We are more alike, my friends, than we are unalike.


If you had told me two years ago that I was just like a thief, I probably would’ve thrown my drink in your face, punched you, and stumbled away. My ego would’ve said something like, “I’m so  much better than a thief, I have morals, thieves are losers.”

If you had told me five years ago that I was just like a racist, I probably would’ve spouted out a lot of politically correct jargon, quoted Maya Angelou, and flipped my hair as I walked away. My ego would’ve said something like, “I’m so much better than a racist, I care about all people, racists are losers.”

Meanwhile, struggling with depression and alcoholism and desperately seeking God, I acted like a complete asshole to people who cared about me and people I didn’t know at all. I acted selfishly, desperately, ignorantly, and harmfully. Sounds a lot like a racist and a thief to me.

Maybe you don’t have any of these issues. But maybe you’re an egomaniac in other areas.

Even in the worst of us, there is good. Even in the thief, there’s a person that’s afraid of not having enough to provide. It’s a primal fear that drives most people to work harder. In a thief perhaps, there is such a deep insecurity about not being able to work hard enough, that they just steal. This feeling of shortcoming can be so overwhelming, they can hardly resist the instant gratification of acquiring something new so easily. Of “getting one over” on someone else. It’s power over a situation in their life, when everything else seems so out of control.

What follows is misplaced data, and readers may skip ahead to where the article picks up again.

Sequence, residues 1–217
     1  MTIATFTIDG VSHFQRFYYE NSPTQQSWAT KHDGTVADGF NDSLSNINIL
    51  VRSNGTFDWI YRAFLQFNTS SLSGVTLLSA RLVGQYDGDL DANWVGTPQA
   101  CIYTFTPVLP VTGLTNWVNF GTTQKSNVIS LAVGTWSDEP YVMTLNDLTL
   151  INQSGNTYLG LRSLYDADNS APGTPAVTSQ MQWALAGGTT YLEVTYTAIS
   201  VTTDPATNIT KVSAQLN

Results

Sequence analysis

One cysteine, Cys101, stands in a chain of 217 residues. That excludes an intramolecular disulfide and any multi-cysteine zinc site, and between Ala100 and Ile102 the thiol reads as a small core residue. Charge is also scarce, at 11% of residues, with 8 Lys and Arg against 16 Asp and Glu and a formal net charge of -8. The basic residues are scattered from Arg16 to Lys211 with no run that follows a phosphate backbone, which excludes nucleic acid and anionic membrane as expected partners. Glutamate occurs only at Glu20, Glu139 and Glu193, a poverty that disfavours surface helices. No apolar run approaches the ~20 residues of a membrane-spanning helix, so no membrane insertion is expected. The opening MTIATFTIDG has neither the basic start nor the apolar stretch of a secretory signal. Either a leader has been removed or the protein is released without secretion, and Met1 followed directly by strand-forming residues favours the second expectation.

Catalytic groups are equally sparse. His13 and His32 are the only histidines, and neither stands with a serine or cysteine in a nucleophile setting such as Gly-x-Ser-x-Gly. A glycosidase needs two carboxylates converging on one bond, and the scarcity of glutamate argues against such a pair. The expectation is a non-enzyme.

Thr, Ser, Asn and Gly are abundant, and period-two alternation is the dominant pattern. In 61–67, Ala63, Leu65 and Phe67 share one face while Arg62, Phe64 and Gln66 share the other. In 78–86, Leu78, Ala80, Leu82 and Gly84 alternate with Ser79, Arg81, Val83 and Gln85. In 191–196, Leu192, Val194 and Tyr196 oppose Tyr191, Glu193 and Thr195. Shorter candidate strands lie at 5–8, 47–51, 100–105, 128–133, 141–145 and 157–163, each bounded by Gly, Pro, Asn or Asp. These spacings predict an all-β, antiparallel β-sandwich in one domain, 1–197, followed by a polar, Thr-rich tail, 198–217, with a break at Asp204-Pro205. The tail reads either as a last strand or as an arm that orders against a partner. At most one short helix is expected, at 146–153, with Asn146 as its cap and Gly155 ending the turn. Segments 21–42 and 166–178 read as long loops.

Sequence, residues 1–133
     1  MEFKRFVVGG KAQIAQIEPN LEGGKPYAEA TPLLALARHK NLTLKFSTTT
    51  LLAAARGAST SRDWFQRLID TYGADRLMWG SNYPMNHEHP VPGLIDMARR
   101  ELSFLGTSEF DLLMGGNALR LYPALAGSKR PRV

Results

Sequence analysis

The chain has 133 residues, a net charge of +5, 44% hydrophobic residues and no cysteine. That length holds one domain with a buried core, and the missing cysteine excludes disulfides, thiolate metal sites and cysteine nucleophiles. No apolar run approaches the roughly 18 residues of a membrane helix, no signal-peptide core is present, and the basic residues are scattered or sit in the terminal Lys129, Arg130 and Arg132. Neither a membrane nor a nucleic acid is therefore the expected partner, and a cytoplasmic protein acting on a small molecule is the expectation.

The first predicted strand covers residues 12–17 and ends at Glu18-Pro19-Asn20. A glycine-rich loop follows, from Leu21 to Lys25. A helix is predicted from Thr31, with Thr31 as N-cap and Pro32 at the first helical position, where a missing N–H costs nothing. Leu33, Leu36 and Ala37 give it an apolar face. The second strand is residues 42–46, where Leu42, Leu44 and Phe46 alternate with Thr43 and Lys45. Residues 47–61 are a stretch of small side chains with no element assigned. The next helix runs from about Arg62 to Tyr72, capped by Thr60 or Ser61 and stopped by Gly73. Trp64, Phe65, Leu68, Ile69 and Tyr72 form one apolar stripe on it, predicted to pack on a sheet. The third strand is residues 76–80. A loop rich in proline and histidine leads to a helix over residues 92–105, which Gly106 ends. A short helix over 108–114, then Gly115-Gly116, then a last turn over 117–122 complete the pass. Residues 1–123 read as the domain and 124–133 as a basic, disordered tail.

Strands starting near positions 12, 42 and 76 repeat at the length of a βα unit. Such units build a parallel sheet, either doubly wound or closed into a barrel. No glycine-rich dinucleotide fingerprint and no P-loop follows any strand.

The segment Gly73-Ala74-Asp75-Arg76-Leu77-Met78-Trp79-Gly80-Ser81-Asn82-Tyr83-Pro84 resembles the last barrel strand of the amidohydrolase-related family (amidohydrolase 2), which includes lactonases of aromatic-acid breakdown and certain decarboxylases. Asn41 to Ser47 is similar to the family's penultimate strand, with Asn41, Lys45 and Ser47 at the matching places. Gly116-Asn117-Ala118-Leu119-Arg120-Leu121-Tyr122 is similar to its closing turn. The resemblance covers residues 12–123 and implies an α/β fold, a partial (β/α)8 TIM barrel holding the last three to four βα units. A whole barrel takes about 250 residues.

The truth is, even in the best of us, there’s the worst of us. In all of us. Does that make us bad? No, but it means we could be better. Hate doesn’t harbor room for improvement, in fact it stifles it. So whenever possible, love. You don’t know how much that could cause change in someone that didn’t even realize they had to change before.

Darkness cannot drive out darkness; only light can do that.
Hate cannot drive out hate; only love can do that.
– Dr. Martin Luther King Jr.

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